To the editors:
As an ESL teacher at Morton Elementary, I know that our program does not fit with the negativity of your article “Not English-only”(Fall 2008). English language learners in our school are not “marginalized academically.” We, as a faculty, talk about the best ways to reach this segment of our population.
You said there were “no standards for exit into regular English classes.” There is a handbook that we refer to for exiting students. Students, when they are near exiting, should have already been placed in regular English classes or at least be receiving regular literacy instruction from the ESL teacher.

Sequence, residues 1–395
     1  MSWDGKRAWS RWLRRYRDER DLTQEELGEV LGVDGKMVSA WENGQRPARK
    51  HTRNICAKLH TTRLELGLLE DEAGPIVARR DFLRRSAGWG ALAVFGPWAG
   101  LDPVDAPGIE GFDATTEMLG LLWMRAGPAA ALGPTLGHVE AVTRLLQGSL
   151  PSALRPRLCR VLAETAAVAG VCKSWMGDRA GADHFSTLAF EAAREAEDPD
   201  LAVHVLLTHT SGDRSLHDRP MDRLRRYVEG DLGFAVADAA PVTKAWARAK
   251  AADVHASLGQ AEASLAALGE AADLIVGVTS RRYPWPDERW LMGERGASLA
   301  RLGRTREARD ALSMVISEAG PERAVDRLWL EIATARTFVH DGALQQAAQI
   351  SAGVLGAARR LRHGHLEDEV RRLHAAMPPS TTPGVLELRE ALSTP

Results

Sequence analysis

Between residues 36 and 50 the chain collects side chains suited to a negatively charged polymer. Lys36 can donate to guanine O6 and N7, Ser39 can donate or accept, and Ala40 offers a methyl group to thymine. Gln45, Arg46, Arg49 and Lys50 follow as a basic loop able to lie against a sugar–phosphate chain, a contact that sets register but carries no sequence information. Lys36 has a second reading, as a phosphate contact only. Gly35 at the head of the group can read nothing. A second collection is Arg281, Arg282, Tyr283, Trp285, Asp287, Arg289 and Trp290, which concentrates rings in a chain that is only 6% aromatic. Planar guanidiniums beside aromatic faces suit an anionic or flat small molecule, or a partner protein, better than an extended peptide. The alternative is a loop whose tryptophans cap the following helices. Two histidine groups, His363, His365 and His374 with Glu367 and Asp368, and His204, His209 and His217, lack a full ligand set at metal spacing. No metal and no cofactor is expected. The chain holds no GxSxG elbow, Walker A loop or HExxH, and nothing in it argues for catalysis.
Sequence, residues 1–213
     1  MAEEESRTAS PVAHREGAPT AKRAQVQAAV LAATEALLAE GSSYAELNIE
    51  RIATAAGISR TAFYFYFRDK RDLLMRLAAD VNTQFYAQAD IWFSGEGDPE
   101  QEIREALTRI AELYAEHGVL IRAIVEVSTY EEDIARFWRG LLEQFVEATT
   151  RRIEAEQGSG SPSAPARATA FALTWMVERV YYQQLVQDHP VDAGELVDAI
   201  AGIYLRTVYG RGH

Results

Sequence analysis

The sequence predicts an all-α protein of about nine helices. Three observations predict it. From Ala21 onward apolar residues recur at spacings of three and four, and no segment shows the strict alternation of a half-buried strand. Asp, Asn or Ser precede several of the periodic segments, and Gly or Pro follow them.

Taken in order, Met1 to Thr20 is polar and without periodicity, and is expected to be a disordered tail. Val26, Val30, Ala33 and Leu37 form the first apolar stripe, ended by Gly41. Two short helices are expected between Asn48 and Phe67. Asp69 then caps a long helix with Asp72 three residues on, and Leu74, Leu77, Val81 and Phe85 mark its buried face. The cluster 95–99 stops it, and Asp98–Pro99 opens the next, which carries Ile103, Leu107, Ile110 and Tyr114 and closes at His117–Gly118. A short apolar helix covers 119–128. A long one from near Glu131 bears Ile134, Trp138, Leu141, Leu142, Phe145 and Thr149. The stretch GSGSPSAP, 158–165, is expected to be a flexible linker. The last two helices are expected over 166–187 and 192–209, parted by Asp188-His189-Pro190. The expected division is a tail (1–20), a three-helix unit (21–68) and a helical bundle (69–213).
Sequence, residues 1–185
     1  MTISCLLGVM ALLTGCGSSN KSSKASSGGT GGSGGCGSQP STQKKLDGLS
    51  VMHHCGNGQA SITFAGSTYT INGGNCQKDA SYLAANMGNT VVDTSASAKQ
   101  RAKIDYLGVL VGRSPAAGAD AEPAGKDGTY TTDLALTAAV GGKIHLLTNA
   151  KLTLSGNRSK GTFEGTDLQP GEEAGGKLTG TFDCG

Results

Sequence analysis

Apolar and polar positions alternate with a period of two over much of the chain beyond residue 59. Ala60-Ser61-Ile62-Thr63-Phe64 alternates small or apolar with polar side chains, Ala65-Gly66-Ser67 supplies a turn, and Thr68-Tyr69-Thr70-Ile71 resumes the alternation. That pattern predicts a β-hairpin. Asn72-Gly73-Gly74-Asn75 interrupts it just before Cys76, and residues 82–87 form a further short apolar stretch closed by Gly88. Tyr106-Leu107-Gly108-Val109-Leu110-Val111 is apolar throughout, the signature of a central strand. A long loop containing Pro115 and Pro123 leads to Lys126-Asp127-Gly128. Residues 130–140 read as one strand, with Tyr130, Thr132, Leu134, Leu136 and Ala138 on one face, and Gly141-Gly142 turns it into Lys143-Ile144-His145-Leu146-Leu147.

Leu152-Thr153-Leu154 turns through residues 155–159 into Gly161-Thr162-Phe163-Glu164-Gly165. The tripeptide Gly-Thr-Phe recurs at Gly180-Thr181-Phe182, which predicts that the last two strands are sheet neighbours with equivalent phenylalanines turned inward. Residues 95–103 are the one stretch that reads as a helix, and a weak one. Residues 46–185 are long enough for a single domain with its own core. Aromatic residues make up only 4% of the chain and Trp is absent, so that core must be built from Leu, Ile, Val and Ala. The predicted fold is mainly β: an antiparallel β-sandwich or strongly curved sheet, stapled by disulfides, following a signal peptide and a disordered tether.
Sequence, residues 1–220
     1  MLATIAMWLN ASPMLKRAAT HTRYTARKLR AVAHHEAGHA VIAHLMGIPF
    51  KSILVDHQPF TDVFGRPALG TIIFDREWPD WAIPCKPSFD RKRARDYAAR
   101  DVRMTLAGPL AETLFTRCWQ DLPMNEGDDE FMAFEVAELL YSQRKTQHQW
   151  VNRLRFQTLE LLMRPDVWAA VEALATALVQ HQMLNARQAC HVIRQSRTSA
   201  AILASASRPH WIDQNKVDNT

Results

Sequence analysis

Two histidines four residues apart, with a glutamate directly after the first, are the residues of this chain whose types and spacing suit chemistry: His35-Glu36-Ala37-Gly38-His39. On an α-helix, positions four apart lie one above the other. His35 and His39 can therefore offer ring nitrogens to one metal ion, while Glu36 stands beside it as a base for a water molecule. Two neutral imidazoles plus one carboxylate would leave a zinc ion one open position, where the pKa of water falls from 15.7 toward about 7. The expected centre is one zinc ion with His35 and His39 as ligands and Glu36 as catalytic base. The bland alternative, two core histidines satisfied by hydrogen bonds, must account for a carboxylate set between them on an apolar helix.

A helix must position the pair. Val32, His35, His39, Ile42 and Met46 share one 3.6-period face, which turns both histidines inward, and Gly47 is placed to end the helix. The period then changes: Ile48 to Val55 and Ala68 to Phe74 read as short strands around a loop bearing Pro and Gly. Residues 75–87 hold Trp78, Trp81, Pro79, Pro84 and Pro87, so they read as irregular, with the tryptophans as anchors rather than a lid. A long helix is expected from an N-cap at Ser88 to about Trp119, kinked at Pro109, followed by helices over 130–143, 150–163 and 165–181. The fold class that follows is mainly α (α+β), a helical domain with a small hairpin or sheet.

You quoted the superintendent reminding that “educating ELLs is not something that happens only with the ESOL teachers; it happens in the regular classroom.” For three years, our school has had a push-in program that does this. We have it because that is what was told to us by District ESL coaches, and it works.
You said that often “teachers and students become comfortable in an ESOL cocoon” and delay exiting. At Morton we are always working towards exiting students. We want students to be successful in the regular classroom – the sooner, the better.
You unfairly describe those like me who do mostly “push-in” as teachers who “help out” in the regular education class. I do more than help out. I do lesson plans. I teach whole-class social studies and writing. I team-teach on a daily basis.
We are doing something right. Our ESL students do well on the PSSA. The program here is not stagnant, as your article paints most ESL programs to be.